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The molecular landscape and associated clinical experience in infant medulloblastoma: prognostic significance of second-generation subtypes

Lookup NU author(s): Dr Debbie Hicks, Dr Reza Rafiee, Dr Ed Schwalbe, Dr Christopher Howell, Dr Janet Lindsey, Dr Rebecca Hill, Amanda Smith, Peter Adidharma, Charlotte Steel, Dr Stacey Richardson, Dr Louise Pease, Dr Marina Danilenko, Dr Stephen Crosier, Dr Daniel Williamson, Professor Simon BaileyORCiD, Professor Steven CliffordORCiD



This work is licensed under a Creative Commons Attribution 4.0 International License (CC BY 4.0).


© 2020 The Authors. Neuropathology and Applied Neurobiology published by John Wiley & Sons Ltd on behalf of British Neuropathological Society. Aims: Biomarker-driven therapies have not been developed for infant medulloblastoma (iMB). We sought to robustly sub-classify iMB, and proffer strategies for personalized, risk-adapted therapies. Methods: We characterized the iMB molecular landscape, including second-generation subtyping, and the associated retrospective clinical experience, using large independent discovery/validation cohorts (n = 387). Results: iMBGrp3 (42%) and iMBSHH (40%) subgroups predominated. iMBGrp3 harboured second-generation subtypes II/III/IV. Subtype II strongly associated with large-cell/anaplastic pathology (LCA; 23%) and MYC amplification (19%), defining a very-high-risk group (0% 10yr overall survival (OS)), which progressed rapidly on all therapies; novel approaches are urgently required. Subtype VII (predominant within iMBGrp4) and subtype IV tumours were standard risk (80% OS) using upfront CSI-based therapies; randomized-controlled trials of upfront radiation-sparing and/or second-line radiotherapy should be considered. Seventy-five per cent of iMBSHH showed DN/MBEN histopathology in discovery and validation cohorts (P < 0.0001); central pathology review determined diagnosis of histological variants to WHO standards. In multivariable models, non-DN/MBEN pathology was associated significantly with worse outcomes within iMBSHH. iMBSHH harboured two distinct subtypes (iMBSHH-I/II). Within the discriminated favourable-risk iMBSHH DN/MBEN patient group, iMBSHH-II had significantly better progression-free survival than iMBSHH-I, offering opportunities for risk-adapted stratification of upfront therapies. Both iMBSHH-I and iMBSHH-II showed notable rescue rates (56% combined post-relapse survival), further supporting delay of irradiation. Survival models and risk factors described were reproducible in independent cohorts, strongly supporting their further investigation and development. Conclusions: Investigations of large, retrospective cohorts have enabled the comprehensive and robust characterization of molecular heterogeneity within iMB. Novel subtypes are clinically significant and subgroup-dependent survival models highlight opportunities for biomarker-directed therapies.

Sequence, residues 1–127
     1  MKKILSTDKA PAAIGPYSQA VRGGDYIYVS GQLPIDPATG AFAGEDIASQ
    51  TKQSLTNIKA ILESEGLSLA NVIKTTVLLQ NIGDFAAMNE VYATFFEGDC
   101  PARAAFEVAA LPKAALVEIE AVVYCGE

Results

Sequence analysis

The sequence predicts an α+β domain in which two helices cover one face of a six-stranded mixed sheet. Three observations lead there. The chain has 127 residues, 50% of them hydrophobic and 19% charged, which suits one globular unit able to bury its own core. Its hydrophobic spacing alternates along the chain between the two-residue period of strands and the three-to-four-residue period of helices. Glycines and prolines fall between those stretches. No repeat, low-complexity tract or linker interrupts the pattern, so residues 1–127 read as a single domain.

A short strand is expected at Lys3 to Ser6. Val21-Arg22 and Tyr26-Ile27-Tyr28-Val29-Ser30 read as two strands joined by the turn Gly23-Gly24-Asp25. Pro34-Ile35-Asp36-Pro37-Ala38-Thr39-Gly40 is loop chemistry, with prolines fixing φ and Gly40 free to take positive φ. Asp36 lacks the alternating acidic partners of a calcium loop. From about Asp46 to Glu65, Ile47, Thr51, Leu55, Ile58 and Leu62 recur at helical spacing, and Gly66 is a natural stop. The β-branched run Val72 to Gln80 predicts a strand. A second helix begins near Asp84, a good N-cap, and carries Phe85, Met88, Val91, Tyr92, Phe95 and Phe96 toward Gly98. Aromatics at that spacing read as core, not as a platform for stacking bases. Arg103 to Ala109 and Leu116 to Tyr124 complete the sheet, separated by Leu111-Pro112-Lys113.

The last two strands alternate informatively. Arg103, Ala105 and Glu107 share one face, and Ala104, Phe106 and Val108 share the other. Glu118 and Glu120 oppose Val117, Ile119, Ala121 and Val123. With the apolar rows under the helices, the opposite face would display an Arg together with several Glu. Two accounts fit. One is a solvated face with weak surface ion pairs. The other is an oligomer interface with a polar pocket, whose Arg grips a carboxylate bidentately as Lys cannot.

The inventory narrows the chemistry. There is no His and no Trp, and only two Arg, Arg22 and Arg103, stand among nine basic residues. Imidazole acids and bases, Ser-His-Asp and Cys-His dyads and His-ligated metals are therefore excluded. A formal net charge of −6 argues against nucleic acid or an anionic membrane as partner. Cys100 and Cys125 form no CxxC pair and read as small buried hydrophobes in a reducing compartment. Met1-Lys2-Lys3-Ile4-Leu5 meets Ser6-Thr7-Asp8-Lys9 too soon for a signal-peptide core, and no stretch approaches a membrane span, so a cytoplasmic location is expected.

Publication metadata

Author(s): Hicks D, Rafiee G, Schwalbe EC, Howell CI, Lindsey JC, Hill RM, Smith AJ, Adidharma P, Steel C, Richardson S, Pease L, Danilenko M, Crosier S, Joshi A, Wharton SB, Jacques TS, Pizer B, Michalski A, Williamson D, Bailey S, Clifford SC

Publication type: Article

Publication status: Published

Journal: Neuropathology and Applied Neurobiology

Year: 2021

Volume: 47

Issue: 2

Pages: 236-250

Print publication date: 01/02/2021

Online publication date: 11/08/2020

Acceptance date: 29/07/2020

Date deposited: 03/12/2020

ISSN (print): 0305-1846

ISSN (electronic): 1365-2990

Publisher: Wiley-Blackwell Publishing Ltd


DOI: 10.1111/nan.12656

PubMed id: 32779246


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Funder referenceFunder name
Action Medical Research
Cancer Research UK. Grant Numbers: C8464/A13457, C8464/A23391
JGW Patterson Foundation
Tom Grahame Trust
The Brain Tumour Charity, Children With Cancer UK and Great Ormond Street Hospital Children's Charity (INSTINCT Network)